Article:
“Mom I Got my Girlfriend Pregnant..
…and I have herpes,” said my thirteen year old son. This, following a thirty minute car ride abound with opportunity for this announcement. But I suppose that would have made sense, so why do that? Yep, crossing the threshold of the pediatrician’s office, mere feet away from the receptionists, was much better. Sometimes I’m convinced I was graced with children for the sole purpose of allowing them to mess with my head.
Face aflame, eyes brimming with bemusement, my son decided to put me out of my misery just a stride or two later. “In health class, mom. That was my assignment to study and explain how I would handle it.” Oh, well, that makes sense– what?
We were there for a sick visit, and no doubt the receptionists heard the grand proclamation although I’m not convinced they heard the follow-up. At least that’s what their understanding, somber nods as we signed in led me to believe. But I had bigger things on my mind.
Call me old-fashioned, but I’d really prefer if I were the one to determine how in depth my children should be taught about this stuff. This was one of the weighing factors in religious education for my children, as our church mandates a video viewing and lengthy in-depth discussion of what many of the kids walking out of there referred to as soft porn to “educate” our 11 and 12 year-olds on the graphics of sex…. Huh? No thank you.
At what point did this happen? On one hand we bemoan the loss of our children’s innocence at such tender ages. Yet on the other, we march them into environments that require the educational deflowering of our babies. I get chastised by strangers for bringing my children to a rated R movie but am required to hand them over to a stranger who will explain to them the ins and outs, no pun intended (ok, maybe it was a little intentional) of sex as required of them by the great state of New York. Let’s just hope the state doesn’t include health class in its pride-and-joy Common Core strategy.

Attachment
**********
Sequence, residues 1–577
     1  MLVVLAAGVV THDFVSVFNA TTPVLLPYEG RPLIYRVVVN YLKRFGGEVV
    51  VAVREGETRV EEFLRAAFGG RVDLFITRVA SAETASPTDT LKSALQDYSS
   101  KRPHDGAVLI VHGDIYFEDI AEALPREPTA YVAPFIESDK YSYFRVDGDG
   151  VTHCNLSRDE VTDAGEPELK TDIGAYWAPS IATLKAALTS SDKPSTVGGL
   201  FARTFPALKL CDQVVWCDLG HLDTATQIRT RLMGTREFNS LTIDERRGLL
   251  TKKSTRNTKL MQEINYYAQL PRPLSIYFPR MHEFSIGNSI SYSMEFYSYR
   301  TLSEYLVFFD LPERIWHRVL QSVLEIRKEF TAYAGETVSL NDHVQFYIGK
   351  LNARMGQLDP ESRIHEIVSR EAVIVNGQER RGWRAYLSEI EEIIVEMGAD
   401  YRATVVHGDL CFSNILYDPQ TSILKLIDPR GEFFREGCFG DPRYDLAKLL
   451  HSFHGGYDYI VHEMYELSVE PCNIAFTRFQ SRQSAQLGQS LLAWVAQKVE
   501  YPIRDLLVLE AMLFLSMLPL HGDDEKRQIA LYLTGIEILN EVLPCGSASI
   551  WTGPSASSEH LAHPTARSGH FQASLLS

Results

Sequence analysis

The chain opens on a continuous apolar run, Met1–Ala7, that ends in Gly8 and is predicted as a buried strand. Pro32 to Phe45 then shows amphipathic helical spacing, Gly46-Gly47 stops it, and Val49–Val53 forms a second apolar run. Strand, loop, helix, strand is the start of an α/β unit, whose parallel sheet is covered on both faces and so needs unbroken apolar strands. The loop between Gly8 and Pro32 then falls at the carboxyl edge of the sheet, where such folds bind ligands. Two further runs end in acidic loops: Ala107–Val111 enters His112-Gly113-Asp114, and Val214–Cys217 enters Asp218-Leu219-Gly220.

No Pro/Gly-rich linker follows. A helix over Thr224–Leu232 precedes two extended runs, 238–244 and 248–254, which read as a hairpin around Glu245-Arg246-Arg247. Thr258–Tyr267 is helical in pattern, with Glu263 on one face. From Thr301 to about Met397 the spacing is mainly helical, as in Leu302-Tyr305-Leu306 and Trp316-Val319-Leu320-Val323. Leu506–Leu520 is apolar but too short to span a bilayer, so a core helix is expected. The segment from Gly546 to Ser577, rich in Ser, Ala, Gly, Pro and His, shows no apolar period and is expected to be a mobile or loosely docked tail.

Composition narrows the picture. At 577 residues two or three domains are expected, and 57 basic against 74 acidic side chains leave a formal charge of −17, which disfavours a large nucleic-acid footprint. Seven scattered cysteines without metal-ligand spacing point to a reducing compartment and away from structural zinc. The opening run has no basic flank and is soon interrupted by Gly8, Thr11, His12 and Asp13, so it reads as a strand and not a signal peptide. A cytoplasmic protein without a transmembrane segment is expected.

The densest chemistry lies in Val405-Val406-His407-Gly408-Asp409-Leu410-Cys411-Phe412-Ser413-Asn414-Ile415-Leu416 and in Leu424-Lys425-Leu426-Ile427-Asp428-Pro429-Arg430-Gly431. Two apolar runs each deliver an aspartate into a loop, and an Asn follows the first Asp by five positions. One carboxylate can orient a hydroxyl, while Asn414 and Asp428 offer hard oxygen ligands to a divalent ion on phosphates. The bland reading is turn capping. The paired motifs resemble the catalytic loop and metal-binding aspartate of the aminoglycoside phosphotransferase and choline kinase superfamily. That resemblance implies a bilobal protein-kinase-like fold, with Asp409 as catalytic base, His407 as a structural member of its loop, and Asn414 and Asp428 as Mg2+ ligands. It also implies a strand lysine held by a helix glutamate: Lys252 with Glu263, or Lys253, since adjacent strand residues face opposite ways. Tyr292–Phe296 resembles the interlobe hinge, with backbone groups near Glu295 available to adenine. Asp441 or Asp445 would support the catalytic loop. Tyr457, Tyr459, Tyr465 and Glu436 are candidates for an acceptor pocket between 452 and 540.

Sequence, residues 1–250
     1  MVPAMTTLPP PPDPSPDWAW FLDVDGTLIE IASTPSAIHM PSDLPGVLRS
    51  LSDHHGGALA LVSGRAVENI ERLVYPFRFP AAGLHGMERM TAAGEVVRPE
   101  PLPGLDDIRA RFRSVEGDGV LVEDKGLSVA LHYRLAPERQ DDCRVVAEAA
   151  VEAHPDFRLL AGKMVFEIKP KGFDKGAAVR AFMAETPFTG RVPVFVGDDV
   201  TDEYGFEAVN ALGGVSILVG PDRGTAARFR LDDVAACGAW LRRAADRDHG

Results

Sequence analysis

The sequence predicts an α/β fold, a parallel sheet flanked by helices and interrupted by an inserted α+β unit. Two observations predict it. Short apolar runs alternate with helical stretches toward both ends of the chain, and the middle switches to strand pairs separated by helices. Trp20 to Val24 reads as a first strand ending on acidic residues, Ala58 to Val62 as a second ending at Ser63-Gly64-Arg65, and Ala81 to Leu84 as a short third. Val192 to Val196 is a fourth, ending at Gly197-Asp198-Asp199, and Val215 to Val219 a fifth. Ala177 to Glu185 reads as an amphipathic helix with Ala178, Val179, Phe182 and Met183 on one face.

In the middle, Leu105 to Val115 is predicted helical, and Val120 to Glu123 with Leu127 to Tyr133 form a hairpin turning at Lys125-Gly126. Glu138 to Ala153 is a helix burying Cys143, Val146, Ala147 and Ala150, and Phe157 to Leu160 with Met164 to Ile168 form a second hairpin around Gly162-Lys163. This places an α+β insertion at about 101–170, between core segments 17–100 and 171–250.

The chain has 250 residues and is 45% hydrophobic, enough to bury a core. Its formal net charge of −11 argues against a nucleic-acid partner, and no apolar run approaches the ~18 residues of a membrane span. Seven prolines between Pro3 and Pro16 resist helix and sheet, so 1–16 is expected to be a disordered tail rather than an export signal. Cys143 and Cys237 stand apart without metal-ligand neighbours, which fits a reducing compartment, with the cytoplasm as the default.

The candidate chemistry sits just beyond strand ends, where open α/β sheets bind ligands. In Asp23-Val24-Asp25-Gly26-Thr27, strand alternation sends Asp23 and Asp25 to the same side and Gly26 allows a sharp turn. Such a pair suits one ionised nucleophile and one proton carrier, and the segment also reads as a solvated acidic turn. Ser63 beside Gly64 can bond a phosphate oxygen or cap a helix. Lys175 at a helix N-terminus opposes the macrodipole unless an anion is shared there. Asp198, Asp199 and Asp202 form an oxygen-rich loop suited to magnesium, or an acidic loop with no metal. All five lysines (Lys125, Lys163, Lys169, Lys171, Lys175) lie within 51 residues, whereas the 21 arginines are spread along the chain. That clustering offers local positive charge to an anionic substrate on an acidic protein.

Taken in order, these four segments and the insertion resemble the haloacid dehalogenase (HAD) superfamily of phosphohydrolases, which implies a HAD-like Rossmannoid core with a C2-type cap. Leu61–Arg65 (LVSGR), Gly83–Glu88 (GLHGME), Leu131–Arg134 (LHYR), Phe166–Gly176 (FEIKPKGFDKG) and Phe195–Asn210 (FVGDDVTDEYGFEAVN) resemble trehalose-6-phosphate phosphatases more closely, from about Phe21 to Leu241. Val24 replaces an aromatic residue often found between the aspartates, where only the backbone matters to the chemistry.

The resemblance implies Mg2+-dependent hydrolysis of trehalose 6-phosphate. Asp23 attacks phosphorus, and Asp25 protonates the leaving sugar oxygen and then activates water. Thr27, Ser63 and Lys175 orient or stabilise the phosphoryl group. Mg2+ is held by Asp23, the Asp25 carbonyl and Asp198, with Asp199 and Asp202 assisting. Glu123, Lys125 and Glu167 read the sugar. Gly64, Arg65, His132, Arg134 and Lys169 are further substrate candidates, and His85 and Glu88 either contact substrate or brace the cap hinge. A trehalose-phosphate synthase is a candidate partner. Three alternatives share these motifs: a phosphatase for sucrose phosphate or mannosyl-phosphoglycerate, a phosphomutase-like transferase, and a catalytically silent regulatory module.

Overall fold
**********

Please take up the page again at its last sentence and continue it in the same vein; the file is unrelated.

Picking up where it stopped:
If 62 + 26=88 has been turned into :
(60+2) + (20+6) = 80+8
and other abominations like found here http://www.nationalreview.com/article/373840/ten-dumbest-common-core-problems-alec-torres accurately identify our new and improved educational system our poor teachers are compelled to abide by, what might sex-ed look like if Common Core should ever be applied? (This is the part where I refrain from actually posting the examples I made up. See? I have acquired a filter!)
I’m all for acknowledging the fact that my babies are growing up and encouraging open discussions with them about whatever topic is on their mind. I practice the parenting approach of assuring them – and following through on this assurance- that they can come to me with any question, on any topic, in a respectful manner, and I will do my best to answer it as honestly as I can. Sure I may take a deep breath and a glass of wine to process my response, and there have been more than a fair share of guffaws during these bonding moments. But you know what? Those who think just because they ban their kids from these conversations and clamp down on all but the most Quaker-like of adult exposure may be surprised to hear what your kid says at the ball field with his friends. Or online with strangers. Nope. Denying the reality of what our kids are exposed to does not mean they are not exposed to it. It just means they won’t talk to you about it. Instead, they’ll get their answers from Google.